[0009] According to another aspect of the present disclosure, a method for determining an arrangement of sensors includes receiving, from a first sensor of at least two sensors, a first sensor data including at least one time-series observation representing at least a first activity and a second activity; and receiving, from a second sensor of the at least two sensors, a second sensor data including at least one time-series observation representing the first activity and the second activity;. The method also includes generating a first model for the first activity involving a first progression through multiple states indicated by at least a portion of the first sensor data;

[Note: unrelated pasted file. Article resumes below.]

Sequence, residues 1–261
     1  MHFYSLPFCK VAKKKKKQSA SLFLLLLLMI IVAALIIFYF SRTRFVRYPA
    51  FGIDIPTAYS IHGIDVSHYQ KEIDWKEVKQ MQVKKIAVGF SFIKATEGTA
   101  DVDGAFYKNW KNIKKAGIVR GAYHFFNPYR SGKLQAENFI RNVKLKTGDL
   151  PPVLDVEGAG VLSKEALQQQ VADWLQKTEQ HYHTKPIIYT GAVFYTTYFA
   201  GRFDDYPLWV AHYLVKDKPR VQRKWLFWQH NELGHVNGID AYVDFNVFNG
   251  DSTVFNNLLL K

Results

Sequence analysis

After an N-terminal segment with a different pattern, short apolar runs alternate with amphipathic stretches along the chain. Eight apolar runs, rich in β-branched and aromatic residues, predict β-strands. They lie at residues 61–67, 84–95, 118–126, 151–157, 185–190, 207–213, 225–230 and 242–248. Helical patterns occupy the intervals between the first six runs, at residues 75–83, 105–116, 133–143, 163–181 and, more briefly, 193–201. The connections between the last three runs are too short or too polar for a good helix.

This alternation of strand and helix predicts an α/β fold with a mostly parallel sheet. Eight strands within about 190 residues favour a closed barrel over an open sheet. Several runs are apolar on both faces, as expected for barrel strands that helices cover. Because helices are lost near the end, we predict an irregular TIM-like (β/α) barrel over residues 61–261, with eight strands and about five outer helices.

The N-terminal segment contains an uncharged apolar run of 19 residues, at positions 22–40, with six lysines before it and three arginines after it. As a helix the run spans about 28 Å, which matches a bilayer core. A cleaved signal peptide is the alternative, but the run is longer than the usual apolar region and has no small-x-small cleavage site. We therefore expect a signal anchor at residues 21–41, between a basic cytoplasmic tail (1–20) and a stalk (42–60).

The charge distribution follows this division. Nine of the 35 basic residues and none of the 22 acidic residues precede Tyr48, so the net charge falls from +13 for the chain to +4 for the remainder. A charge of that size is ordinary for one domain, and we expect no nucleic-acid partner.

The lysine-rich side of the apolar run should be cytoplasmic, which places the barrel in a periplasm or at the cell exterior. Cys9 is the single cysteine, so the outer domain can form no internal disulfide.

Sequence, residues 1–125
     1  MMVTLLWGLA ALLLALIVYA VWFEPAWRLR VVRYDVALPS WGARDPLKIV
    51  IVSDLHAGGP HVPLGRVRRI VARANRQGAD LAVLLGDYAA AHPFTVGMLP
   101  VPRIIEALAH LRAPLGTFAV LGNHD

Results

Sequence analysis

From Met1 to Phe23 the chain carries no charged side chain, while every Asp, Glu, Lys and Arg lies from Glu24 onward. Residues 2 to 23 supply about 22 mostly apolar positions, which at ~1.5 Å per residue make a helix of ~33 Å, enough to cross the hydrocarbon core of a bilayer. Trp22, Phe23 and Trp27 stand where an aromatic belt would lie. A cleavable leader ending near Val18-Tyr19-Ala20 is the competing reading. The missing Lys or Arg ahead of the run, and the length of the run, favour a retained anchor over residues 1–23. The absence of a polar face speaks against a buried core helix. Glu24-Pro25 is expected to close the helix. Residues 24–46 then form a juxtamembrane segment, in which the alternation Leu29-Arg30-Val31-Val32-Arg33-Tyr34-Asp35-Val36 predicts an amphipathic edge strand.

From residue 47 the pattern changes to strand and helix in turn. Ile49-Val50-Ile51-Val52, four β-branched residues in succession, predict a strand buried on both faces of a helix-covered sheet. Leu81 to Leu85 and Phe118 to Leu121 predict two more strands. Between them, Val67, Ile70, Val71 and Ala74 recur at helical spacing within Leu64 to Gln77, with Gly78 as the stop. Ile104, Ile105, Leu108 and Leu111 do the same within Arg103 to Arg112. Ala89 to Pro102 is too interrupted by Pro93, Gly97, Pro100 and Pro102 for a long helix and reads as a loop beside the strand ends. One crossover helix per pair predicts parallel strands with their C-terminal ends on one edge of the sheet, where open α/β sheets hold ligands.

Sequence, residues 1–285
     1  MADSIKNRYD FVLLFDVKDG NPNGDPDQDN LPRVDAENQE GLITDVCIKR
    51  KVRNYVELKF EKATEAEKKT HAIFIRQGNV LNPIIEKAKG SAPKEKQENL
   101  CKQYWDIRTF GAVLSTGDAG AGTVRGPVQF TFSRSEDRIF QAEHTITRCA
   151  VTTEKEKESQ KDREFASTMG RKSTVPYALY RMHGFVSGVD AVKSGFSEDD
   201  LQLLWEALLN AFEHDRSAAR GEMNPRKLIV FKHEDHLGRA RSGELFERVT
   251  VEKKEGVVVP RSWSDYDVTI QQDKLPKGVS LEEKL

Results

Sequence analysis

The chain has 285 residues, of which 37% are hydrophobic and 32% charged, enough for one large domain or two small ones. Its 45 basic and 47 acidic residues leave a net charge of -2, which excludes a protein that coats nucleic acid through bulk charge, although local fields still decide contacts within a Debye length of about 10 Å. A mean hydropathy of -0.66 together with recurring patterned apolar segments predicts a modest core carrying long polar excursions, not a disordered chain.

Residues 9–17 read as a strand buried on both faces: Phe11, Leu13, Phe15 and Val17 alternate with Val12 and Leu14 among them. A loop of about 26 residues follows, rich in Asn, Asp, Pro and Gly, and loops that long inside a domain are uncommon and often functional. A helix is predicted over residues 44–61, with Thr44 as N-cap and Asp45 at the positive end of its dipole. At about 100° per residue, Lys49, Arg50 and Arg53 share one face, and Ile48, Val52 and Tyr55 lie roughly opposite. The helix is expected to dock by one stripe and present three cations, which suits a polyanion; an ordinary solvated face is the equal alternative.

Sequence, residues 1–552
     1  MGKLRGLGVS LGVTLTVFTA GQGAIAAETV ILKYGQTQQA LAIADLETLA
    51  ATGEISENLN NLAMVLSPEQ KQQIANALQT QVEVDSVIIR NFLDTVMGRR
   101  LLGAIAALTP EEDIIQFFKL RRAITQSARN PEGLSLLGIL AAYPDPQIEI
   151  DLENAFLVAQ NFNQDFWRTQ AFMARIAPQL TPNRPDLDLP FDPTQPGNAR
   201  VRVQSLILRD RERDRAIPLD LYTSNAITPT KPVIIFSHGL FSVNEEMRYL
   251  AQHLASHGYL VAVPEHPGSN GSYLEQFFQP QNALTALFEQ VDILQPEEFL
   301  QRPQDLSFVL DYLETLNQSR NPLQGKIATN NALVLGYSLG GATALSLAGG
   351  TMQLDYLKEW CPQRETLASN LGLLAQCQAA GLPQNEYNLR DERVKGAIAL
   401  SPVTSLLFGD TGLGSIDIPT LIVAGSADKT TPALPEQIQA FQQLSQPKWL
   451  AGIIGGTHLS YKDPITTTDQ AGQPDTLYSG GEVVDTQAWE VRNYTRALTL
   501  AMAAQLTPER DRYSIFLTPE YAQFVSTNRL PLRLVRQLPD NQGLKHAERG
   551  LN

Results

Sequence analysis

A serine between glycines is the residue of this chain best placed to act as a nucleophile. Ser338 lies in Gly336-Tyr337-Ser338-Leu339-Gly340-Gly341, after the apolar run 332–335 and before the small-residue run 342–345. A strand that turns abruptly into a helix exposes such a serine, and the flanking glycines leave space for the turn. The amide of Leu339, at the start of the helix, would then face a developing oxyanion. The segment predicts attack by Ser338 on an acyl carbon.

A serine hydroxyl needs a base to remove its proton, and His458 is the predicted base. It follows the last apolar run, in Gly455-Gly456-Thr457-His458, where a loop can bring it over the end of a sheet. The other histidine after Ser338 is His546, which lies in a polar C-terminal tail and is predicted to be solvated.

generating a second model for the second activity involving a second progression through multiple states indicated by at least a portion of the first sensor data; generating a third model for the first activity involving a third progression through multiple states indicated by at least a portion of the second sensor data; and generating a fourth model for the second activity involving a fourth progression through multiple states indicated by at least a portion of the second sensor data. The method further includes receiving, from the first sensor, a third sensor data including at least one time-series observation representing at least the first activity and the second activity; and receiving, from the second sensor, a fourth sensor data including at least one time-series observation representing at least the first activity and the second activity. The method moreover includes determining a likelihood that the first model generated at least a portion of the third sensor data, a likelihood that the second model generated at least a portion of the third sensor data, a likelihood that the third model generated at least a portion of the fourth sensor data, and a likelihood that the fourth model generated at least a portion of the fourth sensor data. The method also includes calculating a pair-wise distance between each sensor- specific determined likelihood to obtain calculated distances, grouping the calculated distances for the likelihoods involving the first sensor, and grouping the calculated distances for the likelihoods involving the second sensor, to obtain grouped calculated distances. Finally, the method includes determining a first relevance of the first sensor and a second relevance of the second sensor for capturing the first activity and the second activity by executing a regression model using the grouped calculated distances. [0010] According to yet another aspect of the present disclosure, a system for determining an arrangement of sensors includes a communications interface used to communicate over a communications network; a user interface; and a controller including a memory that stores instructions and a processor that executes the instructions. When executed by the processor, the instructions cause the system to execute a process that includes receiving, from a first sensor of at least two sensors, a first sensor data including at least one time-series observation representing at least a first activity and a second activity; and receiving, from a second sensor of the at least two sensors, a second sensor data including at least one time-series observation representing the first activity and the second activity. The process also includes generating, by the processor, a first model for the first activity involving a first progression through multiple states indicated by at least a portion of the first sensor data; generating, by the processor, a second model for the second activity involving a second progression through multiple states indicated by at least a portion of the first sensor data; generating, by the processor, a third model for the first activity involving a third progression through multiple states indicated by at least a portion of the second sensor data; and generating, by the processor, a fourth model for the second activity involving a fourth progression through multiple states indicated by at least a portion of the second sensor data. The process further includes receiving, from the first sensor, a third sensor data including at least one time-series observation representing at least the first activity and the second activity; and receiving, from the second sensor, a fourth sensor data including at least one time-series observation representing at least the first activity and the second activity. The process moreover includes determining, using the processor, a likelihood that the first model generated at least a portion of the third sensor data, a likelihood that the second model generated at least a portion of the third sensor data, a likelihood that the third model generated at least a portion of the fourth sensor data, and a likelihood that the fourth model generated at least a portion of the fourth sensor data. The processor also calculates a pair-wise distance between each sensor-specific determined likelihood to obtain calculated distances, groups the calculated distances for the likelihoods involving the first sensor, and groups the calculated distances for the likelihoods involving the second sensor, to obtain grouped calculated distances. Finally, the process includes determining a first relevance of the first sensor and a second relevance of the second sensor for capturing the first activity and the second activity by executing a regression model using the grouped calculated distances. BRIEF DESCRIPTION OF THE DRAWINGS